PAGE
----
Luke 13: 10-20
The 18 years of suffering carried in the form and substance of a “temple woman” reimagines the practice of Sabbath in this Christ encounter. The woman embodies a broken structure, the “18 year” descriptive a known ancient code phrase for “suffering and bondage.”
The story though begs a more feminine interpretation. The imagery of being turned in on oneself yet asked by Christ to move forward intones a message not often recognized as Christian. Jesus’ humiliating argument in favor of Sabbath grace and healing referencing the need to water a thirsty ass shames the “keepers” of sabbath places. And despite the insulting reference the crowd of broken spirits- I suspect many of whom were women -respond with delight and seem energized!
Jesus further encourages with parables of yeast and mustard seeds, moving then to kitchens and gardens– home places for women. The mustard seed would stir up thoughts of healing as it was used medicinally in a paste with “new wine” and the transforming power of yeast worked into flour would be obvious to the feminine ear. The message that Sabbath is as close as your kitchen and near as your home seems obvious. These are “shaping” places for sure.
The miracle, the healing call and response, rises from a feminine space of both release and synthesis–freedom and enmeshment, sacrament and incarnation.
We reshape our brokenness mid Sabbath moments of everyday life.
Artwork by Anastasia Arteyeva
I do believe Life was created from a God Space of Love.
God’s Nature, though, and the force of its being spin a web of violence, disease and destruction.
Where is the Love in this?
The cycle of life runs head long into the wall of death…with all the hurt of endings. It is ugly. It is hard to bear.
Even the autumn harvest, the sweet energy of summer’s sun stored in the peeled skin of an apple and sacrificed in a muffin, seems mostly a trivialized and transient wonder.
We likewise are part of the sacrificed, caught in the momentum of life consciousness…we absorb, assimilate and recreate new spaces in life only to waste on sick beds and under head stones.
How do we honor the love of so many saints?
Where is God and Love on the back side of this cycle of life?
It’s the skeleton that seems the ruling image of this back side and I see them everywhere – an eternal Hallowed Eve.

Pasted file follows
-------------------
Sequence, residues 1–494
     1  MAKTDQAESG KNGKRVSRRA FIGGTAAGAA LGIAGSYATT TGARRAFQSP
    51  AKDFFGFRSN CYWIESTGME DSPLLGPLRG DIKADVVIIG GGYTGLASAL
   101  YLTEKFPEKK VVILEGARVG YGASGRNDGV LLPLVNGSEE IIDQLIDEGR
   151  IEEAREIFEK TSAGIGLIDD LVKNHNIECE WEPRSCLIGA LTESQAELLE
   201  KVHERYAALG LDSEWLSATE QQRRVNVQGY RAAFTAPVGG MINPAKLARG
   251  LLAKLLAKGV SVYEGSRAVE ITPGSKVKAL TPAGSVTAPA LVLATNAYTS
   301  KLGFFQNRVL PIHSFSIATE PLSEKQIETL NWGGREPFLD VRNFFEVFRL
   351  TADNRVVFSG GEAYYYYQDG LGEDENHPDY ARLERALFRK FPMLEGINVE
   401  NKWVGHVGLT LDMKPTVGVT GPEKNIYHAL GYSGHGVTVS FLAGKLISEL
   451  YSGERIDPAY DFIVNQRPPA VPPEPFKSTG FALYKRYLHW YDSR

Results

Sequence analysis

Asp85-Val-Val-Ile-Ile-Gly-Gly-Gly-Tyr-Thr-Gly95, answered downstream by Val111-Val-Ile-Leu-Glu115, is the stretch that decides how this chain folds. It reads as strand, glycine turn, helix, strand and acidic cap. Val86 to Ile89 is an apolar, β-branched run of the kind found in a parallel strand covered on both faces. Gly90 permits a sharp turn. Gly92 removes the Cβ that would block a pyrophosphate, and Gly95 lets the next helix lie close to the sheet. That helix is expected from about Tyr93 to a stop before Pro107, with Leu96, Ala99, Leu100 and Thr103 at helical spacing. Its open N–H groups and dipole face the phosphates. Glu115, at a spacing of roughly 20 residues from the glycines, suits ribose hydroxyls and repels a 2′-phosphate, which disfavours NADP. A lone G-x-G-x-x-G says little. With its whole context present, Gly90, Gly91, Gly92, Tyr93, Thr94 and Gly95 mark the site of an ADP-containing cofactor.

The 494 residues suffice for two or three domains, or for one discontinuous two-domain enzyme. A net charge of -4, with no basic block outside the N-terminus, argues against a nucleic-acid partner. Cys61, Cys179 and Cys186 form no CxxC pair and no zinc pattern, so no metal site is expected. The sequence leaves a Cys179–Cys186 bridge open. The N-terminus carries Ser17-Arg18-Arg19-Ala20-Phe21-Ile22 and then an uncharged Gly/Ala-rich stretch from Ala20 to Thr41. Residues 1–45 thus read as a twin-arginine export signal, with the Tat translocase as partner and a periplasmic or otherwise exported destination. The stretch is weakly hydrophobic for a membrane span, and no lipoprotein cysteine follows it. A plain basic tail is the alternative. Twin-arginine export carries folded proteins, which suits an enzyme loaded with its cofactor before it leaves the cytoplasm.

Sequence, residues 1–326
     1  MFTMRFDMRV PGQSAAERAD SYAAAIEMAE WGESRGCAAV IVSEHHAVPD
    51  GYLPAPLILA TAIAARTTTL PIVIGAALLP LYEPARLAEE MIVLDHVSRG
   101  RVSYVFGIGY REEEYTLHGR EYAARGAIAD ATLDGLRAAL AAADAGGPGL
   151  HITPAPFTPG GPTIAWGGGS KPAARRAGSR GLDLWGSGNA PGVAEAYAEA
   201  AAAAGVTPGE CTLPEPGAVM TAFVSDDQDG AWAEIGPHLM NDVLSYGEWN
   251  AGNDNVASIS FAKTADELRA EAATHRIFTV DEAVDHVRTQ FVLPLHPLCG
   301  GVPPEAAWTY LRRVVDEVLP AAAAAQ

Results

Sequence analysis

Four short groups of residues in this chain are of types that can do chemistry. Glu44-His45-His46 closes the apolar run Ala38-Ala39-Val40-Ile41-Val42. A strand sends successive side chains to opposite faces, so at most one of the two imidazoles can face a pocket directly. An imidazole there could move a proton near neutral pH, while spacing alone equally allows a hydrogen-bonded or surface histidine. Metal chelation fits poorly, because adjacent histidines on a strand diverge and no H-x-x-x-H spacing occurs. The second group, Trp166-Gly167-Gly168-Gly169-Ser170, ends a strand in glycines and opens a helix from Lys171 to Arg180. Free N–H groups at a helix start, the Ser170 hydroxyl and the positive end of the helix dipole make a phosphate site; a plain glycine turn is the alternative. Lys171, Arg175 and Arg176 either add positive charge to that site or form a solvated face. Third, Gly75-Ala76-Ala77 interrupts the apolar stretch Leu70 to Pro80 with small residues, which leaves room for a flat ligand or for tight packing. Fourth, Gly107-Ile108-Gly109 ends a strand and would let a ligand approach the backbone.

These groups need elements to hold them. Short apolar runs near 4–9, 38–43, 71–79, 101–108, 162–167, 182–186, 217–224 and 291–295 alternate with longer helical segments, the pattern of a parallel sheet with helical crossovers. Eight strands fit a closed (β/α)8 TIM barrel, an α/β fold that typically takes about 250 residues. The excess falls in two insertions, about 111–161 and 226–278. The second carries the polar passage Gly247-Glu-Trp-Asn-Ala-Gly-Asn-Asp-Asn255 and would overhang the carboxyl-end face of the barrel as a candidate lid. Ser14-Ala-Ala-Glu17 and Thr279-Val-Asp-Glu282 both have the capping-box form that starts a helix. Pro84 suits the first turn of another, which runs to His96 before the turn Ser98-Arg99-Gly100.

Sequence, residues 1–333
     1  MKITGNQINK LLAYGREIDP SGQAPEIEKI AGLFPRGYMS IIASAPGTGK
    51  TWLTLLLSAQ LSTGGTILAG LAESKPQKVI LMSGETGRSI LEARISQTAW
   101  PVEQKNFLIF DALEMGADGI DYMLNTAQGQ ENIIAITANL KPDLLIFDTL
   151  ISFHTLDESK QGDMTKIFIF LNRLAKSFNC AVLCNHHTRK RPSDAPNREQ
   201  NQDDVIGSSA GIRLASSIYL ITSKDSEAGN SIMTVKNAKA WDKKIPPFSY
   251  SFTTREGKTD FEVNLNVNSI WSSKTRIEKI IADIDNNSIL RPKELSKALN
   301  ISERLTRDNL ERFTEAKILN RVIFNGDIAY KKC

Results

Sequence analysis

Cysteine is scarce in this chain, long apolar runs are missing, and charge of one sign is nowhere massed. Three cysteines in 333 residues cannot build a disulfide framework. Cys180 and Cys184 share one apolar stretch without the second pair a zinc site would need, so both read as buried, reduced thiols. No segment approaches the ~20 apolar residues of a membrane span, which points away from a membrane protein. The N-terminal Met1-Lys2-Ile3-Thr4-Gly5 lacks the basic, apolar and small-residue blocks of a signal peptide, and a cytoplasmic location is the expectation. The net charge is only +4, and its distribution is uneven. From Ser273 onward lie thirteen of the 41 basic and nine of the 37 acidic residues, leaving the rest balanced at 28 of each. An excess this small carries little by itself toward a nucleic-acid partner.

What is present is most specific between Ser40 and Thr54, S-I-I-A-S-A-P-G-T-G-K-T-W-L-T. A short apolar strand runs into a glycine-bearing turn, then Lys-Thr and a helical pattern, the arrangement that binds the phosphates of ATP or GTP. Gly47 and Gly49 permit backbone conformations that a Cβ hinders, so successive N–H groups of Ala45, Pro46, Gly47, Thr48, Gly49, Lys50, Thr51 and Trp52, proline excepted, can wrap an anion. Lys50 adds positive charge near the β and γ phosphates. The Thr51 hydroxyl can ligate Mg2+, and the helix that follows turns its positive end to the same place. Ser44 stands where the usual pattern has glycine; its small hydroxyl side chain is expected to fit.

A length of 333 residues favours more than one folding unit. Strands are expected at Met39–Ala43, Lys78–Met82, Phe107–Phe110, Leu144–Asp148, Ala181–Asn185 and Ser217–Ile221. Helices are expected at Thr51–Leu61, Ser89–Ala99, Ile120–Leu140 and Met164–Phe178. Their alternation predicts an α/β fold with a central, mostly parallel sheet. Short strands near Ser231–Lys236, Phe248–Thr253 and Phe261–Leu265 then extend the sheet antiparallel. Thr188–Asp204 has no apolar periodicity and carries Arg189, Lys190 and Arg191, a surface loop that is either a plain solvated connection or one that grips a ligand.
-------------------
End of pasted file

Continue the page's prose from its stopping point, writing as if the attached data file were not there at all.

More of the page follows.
And it does seem the bones are the last to go. They hold the marrow of life, stored safely inside. They give structure and form; they reconcile and hold our flesh like a photograph holds beauty.
So perhaps it’s there, in fossils…in our bones, that the flow of love still speaks.
I will sit therefore in midst of carnage and with holy courage in this space look with a glance of love…and remember tomorrow.
I woke with the images of a dream lingering in my consciousness. A journey theme with water, caverns, and ambient light. Various and odd characters joined my travels- some with faces or stories I knew. The part that even now I FEEL in my body, though, was the part I had to travel on my own….coursing a raging river bed to get to the other side.
That first step into the current came with a lateral force so immense, every muscle and tendon retracted in fear to secure my feet to the rock bed. Only then did I realize the threat of a waterfall just within sight. This journey was do or die, a crossing over or falling over, a heroic feat or drowning.
From the cavern view, the waterfall was just a short drop off, very non-threatening. Now within the rushing counter flow, the UNDERcurrent questioned my call to the other side…Could I really do this? Should I continue?
The tension in my thighs said yes- “you are strong enough.”
I woke with that resolve today.
Yet I wonder now- what happens when you let the current take you, when you fall? The pool on the under side is deep and refreshing, maybe? The energy released, absorbed…maybe calm, maybe peace.
It’s okay if you’re not strong enough–
Maryellen and Dorina.
Hitting hard against the concrete wall, the pepper-winged body fell … and it broke my heart. I was afraid of its death and more its pain. In stillness and perverse serenity, I saw his eyes open to meet mine. I reached, gathering his wings which were stretched in a broken pattern, and I felt his life in my hands. Perhaps in a daze but present, he seemed to listen as I spoke to comfort imagined distress. I had no plan. If he were to die, it would be so and I was saddened to know this truth. I placed him near a bush and breathed deeply, prayer-like, and hoped he would awaken and return to flight and glory. His pain changed me… I -the Raven.